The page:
Balancing the need for space for their daughter and grandson and an extensive art collection, Ted Nelson and Curt Shaffstall initially decided to remodel their home.
Then they saw a secluded house five minutes from downtown that would perfectly accommodate their family and had the potential to be a showcase for their paintings, prints and one of the largest collections of mid-century Dutch ceramics in the world.
Ted and Curt had accumulated an extensive collection of paintings and prints before they adopted Keyaira and Quanie when they were 7 and 8. In recent years Curt has focused on collecting ceramics from the Netherlands.Their son, now 26, is a manager at McMenamins Edgefield.
Built into a hill, the ground level on the downhill side was ideal for 25-year-old Keyaira and her 2-year-old son Izaakh, with bedrooms, family room and a small kitchen. It is also an easy commute to Izaakh’s preschool at Congregation Beth Israel, where Ted serves as the congregation’s president. The main level and upstairs master suite was where the home needed work.
Interior designer and contractor Robert Trotman, who had been working with the couple on a remodel of their previous home, agreed the house could become a special home.
“This is a perfect example of Northwest architecture,” says Robert. “The traditional, over-embellished style was nice, but it was fighting with the original architecture.”
Curt says, “Our goal was to make it more contemporary and fit the architecture of the home.”
For instance, the heavy wood railing dividing the dining area and the living room didn’t fit with the open floor plan.
“Indoor fencing is a pet peeve of mine – it just had to go,” says Curt.
Ted says initially he didn’t like the home; it seemed gloomy. “But it had the potential of being light and airy. It wasn’t, but it had the potential.”
A balcony built over the entryway was blocking the natural light from windows and a skylight in the master suite. Removing the balcony not only brightened the entire house, it also provided space for a 7.5′ x 9.5′ painting by Milton Wilson that they have owned for about 25 years.
Curt says Robert, who served as the contractor for the project as well as the interior designer, came up with several other changes to brighten the 1981 home. They added lighting and brightened the walls. Interior doors were widened to the full width of the hallway, and a window at the end of the hall was expanded so one can see from one end of the home to the other and outside to the surrounding forest. Curt also enjoys not being able to see any nearby homes from any of the windows and still be five minutes from town, which he says is “pretty amazing.”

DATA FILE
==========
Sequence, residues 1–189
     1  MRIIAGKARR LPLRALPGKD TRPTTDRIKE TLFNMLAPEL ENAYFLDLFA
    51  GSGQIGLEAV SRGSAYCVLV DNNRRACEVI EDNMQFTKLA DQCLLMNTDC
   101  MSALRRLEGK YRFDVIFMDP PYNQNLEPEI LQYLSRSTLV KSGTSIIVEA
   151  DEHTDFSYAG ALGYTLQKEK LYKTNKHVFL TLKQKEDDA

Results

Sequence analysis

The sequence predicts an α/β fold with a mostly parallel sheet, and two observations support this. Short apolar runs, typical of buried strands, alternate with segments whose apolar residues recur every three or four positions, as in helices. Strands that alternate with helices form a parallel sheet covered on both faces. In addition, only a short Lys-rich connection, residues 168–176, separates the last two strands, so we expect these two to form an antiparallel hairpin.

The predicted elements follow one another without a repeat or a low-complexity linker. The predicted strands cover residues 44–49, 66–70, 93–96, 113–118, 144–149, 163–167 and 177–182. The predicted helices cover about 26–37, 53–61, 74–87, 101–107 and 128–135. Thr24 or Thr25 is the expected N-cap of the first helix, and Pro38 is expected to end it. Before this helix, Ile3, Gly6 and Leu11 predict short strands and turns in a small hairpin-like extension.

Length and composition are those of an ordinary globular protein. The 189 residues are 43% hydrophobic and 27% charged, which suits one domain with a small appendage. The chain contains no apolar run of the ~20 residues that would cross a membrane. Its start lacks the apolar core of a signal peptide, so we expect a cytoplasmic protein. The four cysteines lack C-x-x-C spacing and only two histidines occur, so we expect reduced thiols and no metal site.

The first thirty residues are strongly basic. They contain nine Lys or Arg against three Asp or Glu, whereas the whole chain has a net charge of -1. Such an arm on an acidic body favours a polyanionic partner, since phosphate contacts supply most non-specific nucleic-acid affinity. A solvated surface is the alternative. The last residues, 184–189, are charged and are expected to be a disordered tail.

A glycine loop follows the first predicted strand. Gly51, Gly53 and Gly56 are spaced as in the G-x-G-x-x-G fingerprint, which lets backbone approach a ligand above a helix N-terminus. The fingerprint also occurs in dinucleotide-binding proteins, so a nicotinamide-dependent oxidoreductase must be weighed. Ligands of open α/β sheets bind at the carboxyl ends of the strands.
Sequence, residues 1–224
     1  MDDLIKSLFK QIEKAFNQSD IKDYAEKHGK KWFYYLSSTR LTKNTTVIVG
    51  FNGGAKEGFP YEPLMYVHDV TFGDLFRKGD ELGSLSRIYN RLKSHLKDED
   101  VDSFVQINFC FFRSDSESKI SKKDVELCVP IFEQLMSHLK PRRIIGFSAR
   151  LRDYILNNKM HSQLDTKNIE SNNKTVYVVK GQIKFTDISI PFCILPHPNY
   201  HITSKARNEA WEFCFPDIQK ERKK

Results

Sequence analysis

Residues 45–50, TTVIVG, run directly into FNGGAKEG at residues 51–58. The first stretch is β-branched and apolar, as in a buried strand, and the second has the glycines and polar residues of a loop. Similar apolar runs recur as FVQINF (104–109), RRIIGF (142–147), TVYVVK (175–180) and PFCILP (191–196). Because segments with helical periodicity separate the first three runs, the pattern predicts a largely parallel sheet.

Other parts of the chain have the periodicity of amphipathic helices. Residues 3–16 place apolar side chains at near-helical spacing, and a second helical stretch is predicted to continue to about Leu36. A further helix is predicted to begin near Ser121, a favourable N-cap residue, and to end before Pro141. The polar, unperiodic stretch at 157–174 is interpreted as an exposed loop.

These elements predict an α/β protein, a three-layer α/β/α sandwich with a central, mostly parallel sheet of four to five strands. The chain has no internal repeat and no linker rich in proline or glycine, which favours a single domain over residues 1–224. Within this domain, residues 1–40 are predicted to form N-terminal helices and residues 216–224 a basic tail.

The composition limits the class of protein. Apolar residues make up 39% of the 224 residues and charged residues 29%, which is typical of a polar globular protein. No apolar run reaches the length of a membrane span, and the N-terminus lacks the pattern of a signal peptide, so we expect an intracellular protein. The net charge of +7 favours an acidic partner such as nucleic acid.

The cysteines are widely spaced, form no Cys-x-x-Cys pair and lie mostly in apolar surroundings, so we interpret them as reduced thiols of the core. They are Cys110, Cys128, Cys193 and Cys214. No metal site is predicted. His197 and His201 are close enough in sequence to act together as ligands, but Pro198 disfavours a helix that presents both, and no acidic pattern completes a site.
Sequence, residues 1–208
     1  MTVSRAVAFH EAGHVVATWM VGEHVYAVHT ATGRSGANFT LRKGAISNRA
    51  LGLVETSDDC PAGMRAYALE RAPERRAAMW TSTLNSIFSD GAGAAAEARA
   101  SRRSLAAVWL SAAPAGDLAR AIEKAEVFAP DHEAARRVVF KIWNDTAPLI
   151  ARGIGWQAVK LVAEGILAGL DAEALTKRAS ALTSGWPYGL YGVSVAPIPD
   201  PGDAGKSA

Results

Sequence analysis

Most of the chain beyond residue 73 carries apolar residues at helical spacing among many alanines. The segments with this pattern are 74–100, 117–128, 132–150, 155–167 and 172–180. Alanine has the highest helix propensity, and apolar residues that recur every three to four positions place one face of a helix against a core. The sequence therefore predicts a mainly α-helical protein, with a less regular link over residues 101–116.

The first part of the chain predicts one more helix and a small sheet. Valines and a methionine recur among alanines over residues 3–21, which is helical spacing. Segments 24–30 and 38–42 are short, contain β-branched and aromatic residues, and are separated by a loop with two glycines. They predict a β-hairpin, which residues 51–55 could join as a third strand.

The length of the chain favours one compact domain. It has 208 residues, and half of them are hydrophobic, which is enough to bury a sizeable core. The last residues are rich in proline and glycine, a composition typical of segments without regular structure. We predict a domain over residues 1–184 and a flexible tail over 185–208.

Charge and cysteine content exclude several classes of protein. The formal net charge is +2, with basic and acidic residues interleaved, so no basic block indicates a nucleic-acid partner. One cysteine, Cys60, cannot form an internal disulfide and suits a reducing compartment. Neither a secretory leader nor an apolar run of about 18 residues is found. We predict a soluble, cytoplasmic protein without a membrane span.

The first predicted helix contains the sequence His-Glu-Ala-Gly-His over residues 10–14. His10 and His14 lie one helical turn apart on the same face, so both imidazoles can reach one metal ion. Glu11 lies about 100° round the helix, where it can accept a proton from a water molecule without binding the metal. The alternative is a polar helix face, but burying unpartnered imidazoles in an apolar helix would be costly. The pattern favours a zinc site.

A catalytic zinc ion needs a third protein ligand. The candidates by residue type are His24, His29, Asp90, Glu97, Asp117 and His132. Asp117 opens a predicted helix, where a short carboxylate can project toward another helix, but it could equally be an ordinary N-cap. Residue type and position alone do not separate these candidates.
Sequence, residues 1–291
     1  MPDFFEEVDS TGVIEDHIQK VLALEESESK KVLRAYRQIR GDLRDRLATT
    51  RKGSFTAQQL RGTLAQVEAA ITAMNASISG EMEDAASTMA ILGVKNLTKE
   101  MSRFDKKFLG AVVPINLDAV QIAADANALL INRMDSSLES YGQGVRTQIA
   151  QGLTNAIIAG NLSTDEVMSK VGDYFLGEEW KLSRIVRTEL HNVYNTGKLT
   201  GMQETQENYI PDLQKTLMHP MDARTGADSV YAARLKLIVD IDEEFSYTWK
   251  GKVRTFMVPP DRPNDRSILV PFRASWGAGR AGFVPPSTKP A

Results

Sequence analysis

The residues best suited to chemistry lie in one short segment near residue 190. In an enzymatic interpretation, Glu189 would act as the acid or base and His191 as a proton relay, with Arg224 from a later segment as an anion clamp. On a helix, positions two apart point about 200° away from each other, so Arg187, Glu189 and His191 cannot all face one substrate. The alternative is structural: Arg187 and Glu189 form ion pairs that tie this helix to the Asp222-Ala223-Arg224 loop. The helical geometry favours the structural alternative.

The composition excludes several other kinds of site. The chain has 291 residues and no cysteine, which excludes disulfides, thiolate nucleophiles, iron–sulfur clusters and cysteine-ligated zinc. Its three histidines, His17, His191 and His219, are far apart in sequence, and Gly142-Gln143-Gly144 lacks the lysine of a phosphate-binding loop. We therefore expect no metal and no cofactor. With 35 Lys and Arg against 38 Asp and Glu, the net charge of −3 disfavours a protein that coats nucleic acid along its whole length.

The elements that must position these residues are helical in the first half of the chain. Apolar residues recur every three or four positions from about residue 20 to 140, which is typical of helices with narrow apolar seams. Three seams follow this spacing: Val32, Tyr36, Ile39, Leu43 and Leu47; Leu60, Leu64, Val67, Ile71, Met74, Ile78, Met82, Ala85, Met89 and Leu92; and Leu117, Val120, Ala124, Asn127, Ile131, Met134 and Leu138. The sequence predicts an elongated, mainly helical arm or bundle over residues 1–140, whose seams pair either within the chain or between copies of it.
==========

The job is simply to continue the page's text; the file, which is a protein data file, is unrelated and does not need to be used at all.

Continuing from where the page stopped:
Robert says the biggest challenge was the off-center fireplace in the living room. They were able to gain space and brighten the room by putting in a zero clearance fireplace and running the flue at a 45-degree angle to the chimney. Since the new fireplace is a flatter, sealed unit and does not need a hearth, it only projects 22 inches into the room instead of the 42 inches the old fireplace stuck out.
When the changes were complete Ted says he was amazed.
“I expected the house was going to look nicer, but the house was transformed,” says Ted.
Curt agrees, “We didn’t expect to love this house as much as we do. We are so happy to be here.”
The couple took possession of the home March 22 and moved in July 7, 2016, after the transformation was complete.
Ted had purchased a mezuzah when he was in Tel Aviv in May as the chair of the Portland Organizing Committee for the “See Israel with Pride” mission. Portland took seven participants on the Jewish Federations of North America trip to experience Israeli culture, politics and character through a LGBTQ lens. He affixed that mezuzah to a side door.
For the front entry, they planned a gathering at their new home culminating in a ceremony in which Rabbi Michael and Cantor Ida Rae Cahana of Beth Israel affixed a second mezuzah to the front doorpost.